A Fab reunion

Harmonix game brings Liverpool Lads together right now (digitally) article page player in wide format.
By John M. Guilfoil
Globe Correspondent / June 3, 2009
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LOS ANGELES - It took a video game birthed in Cambridge to reunite the surviving Beatles.

Paul McCartney and Ringo Starr, along with Yoko Ono and Olivia Harrison, the widows of Beatles members John Lennon and George Harrison, appeared Monday at the annual gaming industry conference Electronic Entertainment Expo, or E3. They were there to promote the forthcoming The Beatles: Rock Band, the latest version of the hit series from Cambridge game maker Harmonix Music Systems. Ono and Harrison didn't speak, but as the animated game versions of band members appeared on the screen, McCartney joked, "Whoever thought we'd end up as androids?"

It was a quick appearance during a star-packed presentation from Microsoft Corp., which introduced Project Natal, a radical new control system for its Xbox 360 game system that recognizes the voice and movements of players without the use of a handheld device.

The newest version of the Rock Band music game was developed by Harmonix and published by its parent company, Viacom Inc.'s MTV Games unit. Using controllers shaped like drums and guitars, players will "perform" with various incarnations of the band, from its modest early 1960s beginnings in the clammy Liverpool nightclub The Cavern to its final, live concert on a London rooftop.

"We make music games, but we consider it to be music first and games second," said Harmonix chief executive Alex Rigopulos. "We really consider what we do in this category to be making new kinds of music experiences and to let people experience music in a new way."

Forty-five Beatles songs will be available on the game's disc when it's released on Sept. 9, including "I Am The Walrus," "Back In The U.S.S.R.," "Here Comes The Sun," and "Get Back." Priced at $59.99, the game will be sold in a deluxe edition for $249.99, including microphone and guitar and drum controllers.

"The Beatles really had a two-part career," said Harmonix spokesman John Drake. "In the first half, they were the biggest live band in the world, and then from there they sort of went back in the studio . . . and were making records that changed the face of music."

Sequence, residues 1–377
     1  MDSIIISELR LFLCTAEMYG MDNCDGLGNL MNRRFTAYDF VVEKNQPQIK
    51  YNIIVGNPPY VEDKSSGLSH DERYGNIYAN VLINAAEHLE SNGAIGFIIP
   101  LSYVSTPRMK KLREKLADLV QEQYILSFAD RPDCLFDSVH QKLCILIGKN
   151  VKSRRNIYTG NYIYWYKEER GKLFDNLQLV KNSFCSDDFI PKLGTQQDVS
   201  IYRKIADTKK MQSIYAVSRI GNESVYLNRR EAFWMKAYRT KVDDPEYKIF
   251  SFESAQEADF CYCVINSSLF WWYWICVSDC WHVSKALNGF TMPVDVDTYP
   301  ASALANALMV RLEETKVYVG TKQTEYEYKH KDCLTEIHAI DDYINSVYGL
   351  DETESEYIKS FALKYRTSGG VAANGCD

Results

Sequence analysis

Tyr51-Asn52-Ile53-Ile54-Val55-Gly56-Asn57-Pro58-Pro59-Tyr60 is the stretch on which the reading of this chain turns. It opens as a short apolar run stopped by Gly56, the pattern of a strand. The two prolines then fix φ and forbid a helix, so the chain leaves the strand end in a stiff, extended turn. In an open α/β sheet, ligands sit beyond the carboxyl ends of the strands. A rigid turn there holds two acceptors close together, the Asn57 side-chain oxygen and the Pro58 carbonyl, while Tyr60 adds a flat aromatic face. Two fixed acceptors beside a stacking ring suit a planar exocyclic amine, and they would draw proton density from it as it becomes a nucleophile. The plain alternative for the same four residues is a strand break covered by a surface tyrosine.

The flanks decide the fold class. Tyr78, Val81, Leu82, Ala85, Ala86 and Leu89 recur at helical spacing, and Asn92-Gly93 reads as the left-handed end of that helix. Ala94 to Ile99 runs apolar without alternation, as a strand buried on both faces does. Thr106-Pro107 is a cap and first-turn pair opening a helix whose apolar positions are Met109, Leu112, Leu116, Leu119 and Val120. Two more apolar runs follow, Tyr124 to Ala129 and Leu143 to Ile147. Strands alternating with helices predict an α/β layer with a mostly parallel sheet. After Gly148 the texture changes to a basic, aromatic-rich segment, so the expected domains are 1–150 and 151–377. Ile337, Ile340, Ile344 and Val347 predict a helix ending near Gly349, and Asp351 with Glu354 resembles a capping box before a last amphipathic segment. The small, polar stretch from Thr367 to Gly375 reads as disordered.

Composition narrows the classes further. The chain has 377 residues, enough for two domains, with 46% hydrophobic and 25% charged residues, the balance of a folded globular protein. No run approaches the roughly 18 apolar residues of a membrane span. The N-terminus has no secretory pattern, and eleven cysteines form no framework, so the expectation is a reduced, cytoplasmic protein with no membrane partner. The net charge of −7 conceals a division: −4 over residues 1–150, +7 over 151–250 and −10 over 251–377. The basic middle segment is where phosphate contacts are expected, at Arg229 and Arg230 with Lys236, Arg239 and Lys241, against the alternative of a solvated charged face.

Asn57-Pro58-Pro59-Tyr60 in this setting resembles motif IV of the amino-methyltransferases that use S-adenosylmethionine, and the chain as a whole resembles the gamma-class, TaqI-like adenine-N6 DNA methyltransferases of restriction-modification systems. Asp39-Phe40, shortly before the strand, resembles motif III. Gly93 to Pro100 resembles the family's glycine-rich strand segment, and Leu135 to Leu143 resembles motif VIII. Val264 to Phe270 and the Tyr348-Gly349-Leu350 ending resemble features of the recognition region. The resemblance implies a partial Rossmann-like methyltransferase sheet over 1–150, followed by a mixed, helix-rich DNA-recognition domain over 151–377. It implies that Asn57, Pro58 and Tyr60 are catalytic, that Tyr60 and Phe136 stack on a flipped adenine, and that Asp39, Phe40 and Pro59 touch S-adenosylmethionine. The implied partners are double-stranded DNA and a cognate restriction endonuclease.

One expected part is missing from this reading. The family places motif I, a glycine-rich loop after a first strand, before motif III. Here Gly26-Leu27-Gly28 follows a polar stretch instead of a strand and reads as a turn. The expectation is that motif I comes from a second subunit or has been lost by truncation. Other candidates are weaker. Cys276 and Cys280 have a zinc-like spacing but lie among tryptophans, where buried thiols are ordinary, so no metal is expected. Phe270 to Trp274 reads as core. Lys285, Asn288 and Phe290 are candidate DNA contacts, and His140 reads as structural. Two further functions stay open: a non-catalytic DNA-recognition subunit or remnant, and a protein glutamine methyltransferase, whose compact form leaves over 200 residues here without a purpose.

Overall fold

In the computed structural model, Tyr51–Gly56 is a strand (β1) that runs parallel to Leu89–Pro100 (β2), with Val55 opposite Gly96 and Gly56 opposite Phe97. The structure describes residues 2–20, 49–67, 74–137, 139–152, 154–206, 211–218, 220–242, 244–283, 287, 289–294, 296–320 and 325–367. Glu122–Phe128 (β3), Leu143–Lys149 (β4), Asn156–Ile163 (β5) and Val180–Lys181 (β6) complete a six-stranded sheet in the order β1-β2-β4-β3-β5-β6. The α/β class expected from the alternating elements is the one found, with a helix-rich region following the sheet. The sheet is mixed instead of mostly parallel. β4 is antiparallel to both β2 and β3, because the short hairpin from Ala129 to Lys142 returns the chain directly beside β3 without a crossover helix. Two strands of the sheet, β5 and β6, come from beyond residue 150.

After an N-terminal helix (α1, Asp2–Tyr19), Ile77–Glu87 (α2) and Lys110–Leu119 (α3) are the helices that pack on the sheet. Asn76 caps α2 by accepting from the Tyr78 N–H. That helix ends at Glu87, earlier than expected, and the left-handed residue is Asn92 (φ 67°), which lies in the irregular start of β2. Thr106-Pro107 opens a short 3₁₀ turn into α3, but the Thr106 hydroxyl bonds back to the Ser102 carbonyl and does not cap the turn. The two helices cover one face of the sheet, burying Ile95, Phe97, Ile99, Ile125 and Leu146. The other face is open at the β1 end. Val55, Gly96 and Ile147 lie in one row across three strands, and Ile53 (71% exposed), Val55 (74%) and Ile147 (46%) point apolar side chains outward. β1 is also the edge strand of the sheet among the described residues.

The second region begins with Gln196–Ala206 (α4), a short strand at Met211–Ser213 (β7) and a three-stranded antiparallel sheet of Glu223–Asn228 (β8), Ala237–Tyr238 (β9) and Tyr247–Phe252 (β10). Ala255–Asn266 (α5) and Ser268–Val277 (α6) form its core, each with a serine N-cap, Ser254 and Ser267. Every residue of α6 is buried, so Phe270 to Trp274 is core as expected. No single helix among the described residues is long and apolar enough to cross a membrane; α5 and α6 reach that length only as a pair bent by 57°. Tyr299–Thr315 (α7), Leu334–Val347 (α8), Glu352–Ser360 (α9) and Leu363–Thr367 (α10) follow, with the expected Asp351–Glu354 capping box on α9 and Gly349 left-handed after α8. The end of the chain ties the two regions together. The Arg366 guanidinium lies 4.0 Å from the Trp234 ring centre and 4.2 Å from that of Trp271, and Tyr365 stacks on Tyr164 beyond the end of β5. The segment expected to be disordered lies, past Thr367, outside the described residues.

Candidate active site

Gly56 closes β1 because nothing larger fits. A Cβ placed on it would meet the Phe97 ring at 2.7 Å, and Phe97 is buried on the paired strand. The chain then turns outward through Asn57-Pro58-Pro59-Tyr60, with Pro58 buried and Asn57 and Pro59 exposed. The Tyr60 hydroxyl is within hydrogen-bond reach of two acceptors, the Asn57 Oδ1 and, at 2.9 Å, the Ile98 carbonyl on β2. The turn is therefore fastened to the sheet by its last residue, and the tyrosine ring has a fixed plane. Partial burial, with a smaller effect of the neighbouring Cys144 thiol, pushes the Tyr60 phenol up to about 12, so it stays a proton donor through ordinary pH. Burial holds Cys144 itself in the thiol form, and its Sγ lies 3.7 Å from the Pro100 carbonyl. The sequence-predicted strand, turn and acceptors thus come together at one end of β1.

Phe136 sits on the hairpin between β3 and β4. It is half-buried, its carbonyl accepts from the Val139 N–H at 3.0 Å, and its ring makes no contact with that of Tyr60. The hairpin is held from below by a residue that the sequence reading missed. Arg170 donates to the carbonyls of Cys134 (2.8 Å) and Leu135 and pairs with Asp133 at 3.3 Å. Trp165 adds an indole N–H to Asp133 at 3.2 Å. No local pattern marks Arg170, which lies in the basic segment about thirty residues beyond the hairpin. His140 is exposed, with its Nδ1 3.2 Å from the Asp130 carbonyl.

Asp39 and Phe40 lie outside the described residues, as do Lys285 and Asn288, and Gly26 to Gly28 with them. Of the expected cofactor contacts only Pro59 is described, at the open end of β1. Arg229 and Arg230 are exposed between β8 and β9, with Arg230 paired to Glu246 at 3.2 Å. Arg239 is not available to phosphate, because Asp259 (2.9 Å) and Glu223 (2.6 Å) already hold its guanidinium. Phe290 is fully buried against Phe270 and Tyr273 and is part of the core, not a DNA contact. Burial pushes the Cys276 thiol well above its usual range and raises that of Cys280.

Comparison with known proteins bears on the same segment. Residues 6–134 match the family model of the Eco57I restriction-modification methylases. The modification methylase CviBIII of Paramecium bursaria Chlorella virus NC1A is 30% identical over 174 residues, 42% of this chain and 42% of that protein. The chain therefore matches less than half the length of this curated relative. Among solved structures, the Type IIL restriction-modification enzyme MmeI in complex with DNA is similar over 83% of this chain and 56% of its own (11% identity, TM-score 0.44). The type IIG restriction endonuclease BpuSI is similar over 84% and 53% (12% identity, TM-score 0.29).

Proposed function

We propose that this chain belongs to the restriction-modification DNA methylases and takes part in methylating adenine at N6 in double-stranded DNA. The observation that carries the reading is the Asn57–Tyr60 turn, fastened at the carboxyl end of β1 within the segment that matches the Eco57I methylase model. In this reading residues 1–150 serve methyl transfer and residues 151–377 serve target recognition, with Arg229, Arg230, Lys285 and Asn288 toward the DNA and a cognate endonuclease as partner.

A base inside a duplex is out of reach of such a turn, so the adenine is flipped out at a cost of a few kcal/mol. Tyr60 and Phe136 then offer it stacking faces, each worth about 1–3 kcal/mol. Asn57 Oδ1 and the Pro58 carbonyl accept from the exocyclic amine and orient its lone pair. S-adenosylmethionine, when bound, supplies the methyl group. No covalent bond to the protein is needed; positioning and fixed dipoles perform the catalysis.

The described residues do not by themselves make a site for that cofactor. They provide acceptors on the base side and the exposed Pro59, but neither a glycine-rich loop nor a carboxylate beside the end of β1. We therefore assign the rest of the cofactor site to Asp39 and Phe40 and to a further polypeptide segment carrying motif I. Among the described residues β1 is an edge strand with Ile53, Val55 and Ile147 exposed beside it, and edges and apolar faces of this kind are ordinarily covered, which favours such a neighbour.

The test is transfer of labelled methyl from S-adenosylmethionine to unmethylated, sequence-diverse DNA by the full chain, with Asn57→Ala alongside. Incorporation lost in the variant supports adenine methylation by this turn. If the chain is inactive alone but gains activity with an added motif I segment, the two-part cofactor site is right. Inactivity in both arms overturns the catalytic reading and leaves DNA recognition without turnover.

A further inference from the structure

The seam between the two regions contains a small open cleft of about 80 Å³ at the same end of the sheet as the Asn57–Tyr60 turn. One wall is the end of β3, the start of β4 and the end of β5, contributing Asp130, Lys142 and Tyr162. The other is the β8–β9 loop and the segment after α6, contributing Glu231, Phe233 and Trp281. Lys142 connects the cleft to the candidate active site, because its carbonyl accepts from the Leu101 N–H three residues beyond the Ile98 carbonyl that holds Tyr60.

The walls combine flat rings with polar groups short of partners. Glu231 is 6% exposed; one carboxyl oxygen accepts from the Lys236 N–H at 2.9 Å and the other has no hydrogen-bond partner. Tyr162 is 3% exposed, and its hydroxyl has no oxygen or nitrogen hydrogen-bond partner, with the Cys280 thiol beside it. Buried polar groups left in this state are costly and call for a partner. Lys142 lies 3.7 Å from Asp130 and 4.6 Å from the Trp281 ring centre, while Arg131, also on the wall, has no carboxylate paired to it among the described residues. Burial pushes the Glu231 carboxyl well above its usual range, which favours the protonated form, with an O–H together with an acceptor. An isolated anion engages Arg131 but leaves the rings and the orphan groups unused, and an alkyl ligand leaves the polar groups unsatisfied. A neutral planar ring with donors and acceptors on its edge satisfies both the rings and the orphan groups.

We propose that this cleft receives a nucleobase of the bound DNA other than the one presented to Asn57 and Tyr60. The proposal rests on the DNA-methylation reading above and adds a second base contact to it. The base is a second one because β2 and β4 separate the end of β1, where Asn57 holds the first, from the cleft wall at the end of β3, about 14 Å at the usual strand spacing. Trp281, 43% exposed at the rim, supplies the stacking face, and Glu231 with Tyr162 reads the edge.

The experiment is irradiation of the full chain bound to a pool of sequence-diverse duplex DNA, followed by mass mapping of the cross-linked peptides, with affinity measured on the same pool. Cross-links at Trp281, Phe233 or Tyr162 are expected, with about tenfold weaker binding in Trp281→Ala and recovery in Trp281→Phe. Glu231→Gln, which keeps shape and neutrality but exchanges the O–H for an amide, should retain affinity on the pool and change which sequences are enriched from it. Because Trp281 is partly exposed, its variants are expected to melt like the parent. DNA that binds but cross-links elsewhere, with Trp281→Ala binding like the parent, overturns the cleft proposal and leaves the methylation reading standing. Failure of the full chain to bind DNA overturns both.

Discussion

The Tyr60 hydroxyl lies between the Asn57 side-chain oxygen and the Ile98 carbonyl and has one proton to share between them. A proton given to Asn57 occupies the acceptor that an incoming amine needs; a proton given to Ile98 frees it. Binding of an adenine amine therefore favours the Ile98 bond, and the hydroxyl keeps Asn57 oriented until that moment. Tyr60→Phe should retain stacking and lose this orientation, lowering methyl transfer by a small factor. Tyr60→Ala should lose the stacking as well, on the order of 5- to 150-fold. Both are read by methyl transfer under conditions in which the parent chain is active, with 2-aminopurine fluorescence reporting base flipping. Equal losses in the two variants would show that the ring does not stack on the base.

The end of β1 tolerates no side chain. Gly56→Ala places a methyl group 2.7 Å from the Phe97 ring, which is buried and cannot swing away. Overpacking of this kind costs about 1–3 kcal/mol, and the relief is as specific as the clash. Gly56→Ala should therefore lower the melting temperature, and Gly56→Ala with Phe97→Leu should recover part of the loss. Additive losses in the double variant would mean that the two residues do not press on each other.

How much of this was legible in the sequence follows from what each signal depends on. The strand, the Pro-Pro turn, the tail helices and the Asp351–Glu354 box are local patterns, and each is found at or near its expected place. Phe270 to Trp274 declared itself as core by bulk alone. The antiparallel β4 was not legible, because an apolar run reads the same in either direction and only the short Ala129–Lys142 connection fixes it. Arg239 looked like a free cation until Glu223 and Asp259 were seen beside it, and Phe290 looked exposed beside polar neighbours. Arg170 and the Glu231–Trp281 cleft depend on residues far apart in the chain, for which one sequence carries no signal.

The game represents that twofold nature of Beatles performances by offering some songs in re-created historic venues, such as the Abbey Road studios, and some within fantasy dreamscapes. "Here Comes the Sun," for example, is played on a sunny, psychedelic hilltop. Where only one player at a time could sing in previous versions of Rock Band, the Beatles edition allows for three singers at once, re-creating those famous Fab Four harmonies and allowing for up to seven players.

McCartney, Starr, Ono, and Harrison all had a say in development. "These are titanic figures, right? And they also made some of the greatest art that I've experienced in my life, so to actually be in a creative collaboration with them, it's just stunning," said Rigopulos. "It's intoxicating. But what was most surprising to me was how engaged they actually were."

"Everything was run by the shareholders, in terms of the concepts and getting feedback on how everything turned out," said Chris Foster, Harmonix's director of design. "It was a real honor and kind of terrifying. It was pretty amazing."

The Beatles game is widely seen as a major coup in the competition between the Rock Band label from Harmonix and MTV Games, and the megahit Guitar Hero franchise, originally developed by Harmonix, but now produced by Activision Inc. "Activision has the Guitar Hero brand, which among gamers is a huge brand, and it's going to take a lot for MTV Games to leap ahead of that name," said Ryan Geddes, the features editor for, a leading news and analysis source in the gaming industry. "I think if anything can do it, it's the Beatles game."

Geddes had high marks for the game after playing a song on a makeshift stage at the trade show. "I really think it's an amazing game. They've sort of done everything right to appeal to both the hardcore gamers and the mass market," he said. "What we've seen so far looks very promising."

Material from Globe wire services is included in this report.

Beatles are back

Beatles are back

See scenes from the game and the E3 event.